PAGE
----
LeWitt (1968) x Conway (1970) 
Divide a wall into a square grid. Mark arbitrary grid elements with a horizontal line about one-fifth of the way down in the square.

For every cell that was marked to begin with, if it is adjacent to two or three marked squares, mark it with another horizontal line about two-fifths of the way down in the square.
For every unmarked cell, mark it with a line if exactly three of the adjacent grid elements are marked.

Repeat with lines horizontal lines three-fifths of the way down, based on the previous lines.

Continue for a total of twenty sets of lines: The fifth set of lines will be at the bottom of the squares. For the sixth set of lines, mark vertical lines one-fifth of the way across the square... and so on. For the eleventh set of lines, mark diagonal lines one-fifth of the way across. For the sixteenth set, mark diagonal lines which slope in the other direction.

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Cited more often than the norm 
Justin at Daily Nous quotes the statistic that "82 per cent of articles published in humanities are not even cited once." Turning this around, only 18% are cited.

I was curious about how my own papers fared in this regard. Starting with data from Google Scholar and correcting some, 68% of my publications have been cited. One of the corrections was to dismiss articles which were only cited by me in another article. Counting self-citations, the rate jumps to 78%.

In a more self-serving mood, but the quality of my work is only one factor here.

Another factor is that all of my papers are readily available on-line. Once there's a draft worth sharing, I post it to my website. I update it with my final draft once it's accepted for publication, and I continue to make it available. The result is that people who are puttering around on a topic are likely to come across my work, and then they can cite me. This is certainly how forall x, my open-access logic textbook, has come to be cited 11 times. And I have some conference papers and working drafts which have been cited even though they've never been available anywhere but on my website.

In discussions of whether to post papers on-line or not, people underrate the advantages. People who notice my work because it's on-line almost never tell me about, but sometimes they do cite me.

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Counting journals that count 
There is administrative pressure, for purposes of tenure and promotion, to list the top philosophy journals. Some disciplines have lists which are approved by their professional organizations. So people from outside the department are sometimes incredulous that philosophy doesn't.

But we don't. Letter writers for T&P cases tend to say this but then waive their hands at the relative status of various journals, possibly linking to a blog post or something.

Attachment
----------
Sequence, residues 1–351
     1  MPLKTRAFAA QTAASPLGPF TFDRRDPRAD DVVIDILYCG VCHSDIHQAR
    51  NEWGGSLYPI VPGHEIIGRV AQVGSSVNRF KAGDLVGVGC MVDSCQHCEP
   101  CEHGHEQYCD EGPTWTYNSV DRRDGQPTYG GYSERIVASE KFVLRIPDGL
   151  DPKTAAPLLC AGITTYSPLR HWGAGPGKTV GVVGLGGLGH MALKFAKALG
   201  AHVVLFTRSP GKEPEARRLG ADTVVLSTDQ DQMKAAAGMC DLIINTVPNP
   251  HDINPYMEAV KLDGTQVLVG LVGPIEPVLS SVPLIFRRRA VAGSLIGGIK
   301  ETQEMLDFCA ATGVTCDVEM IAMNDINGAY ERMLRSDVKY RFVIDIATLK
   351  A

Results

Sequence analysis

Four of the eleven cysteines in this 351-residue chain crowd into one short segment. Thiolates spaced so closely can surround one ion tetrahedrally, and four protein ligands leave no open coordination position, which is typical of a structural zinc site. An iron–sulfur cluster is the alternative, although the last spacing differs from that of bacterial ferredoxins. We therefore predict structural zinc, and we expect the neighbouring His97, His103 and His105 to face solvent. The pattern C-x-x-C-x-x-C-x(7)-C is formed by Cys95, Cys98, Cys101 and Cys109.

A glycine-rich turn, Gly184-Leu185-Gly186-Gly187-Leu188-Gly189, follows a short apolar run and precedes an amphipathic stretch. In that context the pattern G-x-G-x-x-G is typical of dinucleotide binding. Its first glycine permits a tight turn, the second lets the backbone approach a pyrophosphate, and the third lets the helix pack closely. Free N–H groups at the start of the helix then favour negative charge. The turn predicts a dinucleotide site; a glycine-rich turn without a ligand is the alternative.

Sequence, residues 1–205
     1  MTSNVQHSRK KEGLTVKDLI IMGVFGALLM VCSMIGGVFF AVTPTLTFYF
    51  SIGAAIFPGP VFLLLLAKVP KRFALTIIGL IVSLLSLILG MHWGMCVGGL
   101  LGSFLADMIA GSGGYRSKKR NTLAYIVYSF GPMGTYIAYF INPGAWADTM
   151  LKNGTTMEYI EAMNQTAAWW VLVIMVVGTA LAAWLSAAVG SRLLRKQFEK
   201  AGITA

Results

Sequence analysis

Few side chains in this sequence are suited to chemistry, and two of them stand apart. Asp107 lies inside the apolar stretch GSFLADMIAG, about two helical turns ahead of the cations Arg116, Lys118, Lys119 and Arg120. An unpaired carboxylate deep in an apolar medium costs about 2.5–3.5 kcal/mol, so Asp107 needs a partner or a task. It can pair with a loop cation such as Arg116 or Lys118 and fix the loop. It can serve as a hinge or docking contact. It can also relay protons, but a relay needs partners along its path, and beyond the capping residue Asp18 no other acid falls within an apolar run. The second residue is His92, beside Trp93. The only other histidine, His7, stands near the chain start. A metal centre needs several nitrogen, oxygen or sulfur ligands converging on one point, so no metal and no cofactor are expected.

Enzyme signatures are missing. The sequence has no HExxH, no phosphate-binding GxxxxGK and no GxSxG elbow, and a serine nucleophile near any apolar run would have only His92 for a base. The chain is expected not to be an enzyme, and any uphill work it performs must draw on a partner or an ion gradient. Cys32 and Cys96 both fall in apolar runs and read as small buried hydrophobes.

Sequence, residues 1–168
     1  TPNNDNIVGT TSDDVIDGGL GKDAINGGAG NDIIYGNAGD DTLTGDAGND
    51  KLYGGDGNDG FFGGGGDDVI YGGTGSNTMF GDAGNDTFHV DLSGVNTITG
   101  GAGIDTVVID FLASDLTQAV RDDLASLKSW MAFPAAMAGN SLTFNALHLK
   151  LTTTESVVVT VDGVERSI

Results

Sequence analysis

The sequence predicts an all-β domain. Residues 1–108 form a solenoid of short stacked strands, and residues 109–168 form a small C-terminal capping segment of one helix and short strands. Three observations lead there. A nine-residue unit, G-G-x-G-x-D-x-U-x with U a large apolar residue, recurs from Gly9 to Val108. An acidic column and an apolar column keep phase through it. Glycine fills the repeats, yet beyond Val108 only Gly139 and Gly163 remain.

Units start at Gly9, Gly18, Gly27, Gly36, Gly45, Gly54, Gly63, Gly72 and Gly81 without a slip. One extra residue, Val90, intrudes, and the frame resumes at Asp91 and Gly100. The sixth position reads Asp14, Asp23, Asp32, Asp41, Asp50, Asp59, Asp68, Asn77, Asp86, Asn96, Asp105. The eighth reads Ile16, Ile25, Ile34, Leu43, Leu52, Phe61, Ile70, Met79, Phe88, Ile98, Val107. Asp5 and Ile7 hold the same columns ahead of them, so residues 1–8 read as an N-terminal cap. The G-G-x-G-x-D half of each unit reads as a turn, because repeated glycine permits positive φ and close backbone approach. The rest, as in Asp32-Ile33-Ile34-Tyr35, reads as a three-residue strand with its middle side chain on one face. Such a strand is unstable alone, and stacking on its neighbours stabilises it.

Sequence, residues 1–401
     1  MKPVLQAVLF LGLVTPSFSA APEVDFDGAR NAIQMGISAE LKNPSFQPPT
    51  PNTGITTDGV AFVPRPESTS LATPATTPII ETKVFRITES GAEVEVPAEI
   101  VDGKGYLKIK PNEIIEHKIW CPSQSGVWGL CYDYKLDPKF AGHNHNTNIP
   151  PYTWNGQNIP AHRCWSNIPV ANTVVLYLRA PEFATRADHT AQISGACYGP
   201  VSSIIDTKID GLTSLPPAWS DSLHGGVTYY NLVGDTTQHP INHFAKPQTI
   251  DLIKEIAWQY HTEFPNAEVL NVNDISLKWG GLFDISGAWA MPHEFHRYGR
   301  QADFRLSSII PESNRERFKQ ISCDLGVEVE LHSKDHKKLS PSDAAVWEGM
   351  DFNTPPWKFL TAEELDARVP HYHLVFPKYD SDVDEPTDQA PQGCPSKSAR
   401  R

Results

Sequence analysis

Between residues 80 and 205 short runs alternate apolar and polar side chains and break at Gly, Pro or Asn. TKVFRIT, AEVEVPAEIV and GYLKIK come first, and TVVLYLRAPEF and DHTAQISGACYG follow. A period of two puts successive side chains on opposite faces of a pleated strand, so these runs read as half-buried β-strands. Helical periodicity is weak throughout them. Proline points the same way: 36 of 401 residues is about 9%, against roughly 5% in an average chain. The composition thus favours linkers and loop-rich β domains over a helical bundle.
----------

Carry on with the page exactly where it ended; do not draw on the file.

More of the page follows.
I have recently thought that it would be good to have a general statement about this for administrative purposes, rather than putting something together on an ad hoc basis for every case. Below the fold is a draft of what a general statement might look like. It's an alpha version, and I am not confidently committed to other the contents or the form of presentation. So quoting it without that proviso is likely to earn my wrath. Talking about it as a possibly half-baked blog post is fine, though, and I'd appreciate feedback.

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On the MAP 
Since last year, UAlbany has had a chapter of Minorities and Philosophy (M.A.P.). The organization is largely student run, and they've gotten funding from several sources to bring in a guest speaker for a symposium this Friday.

Readers in the capital region should note that it's open to the public.

Symposium on Implicit Bias

Friday, March 27
2:00pm to 5:30pm
Humanities 354, UAlbany uptown campus

Here is the schedule:

2:00 Adefolaji Fasanya, UAlbany M.A.P. President "Introduction to Implicit Bias"
2:15 Henry Curtis "Can you be racist without knowing it?"
2:30 Scott Wolcott "Implicit Bias and the Police"
3:00 Intermission with Food and Refreshments
3:30 Keynote Address: Professor Michael Brownstein (CUNY) "Implicit Bias and the Credibility of Moral Intuition".

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Hiring news 
PhilJobs, which hosts the on-line incarnation of Jobs for Philosophers, also hosts PhilJobs: Appointments. I just got an e-mail asking me to confirm a bit of news, so they could post it. If it's fit for them to post, it's fit for me to post.

I'm happy to say that Monika Piotrowska, who works in bioethics and philosophy of biology, will be joining the University at Albany philosophy department next year.

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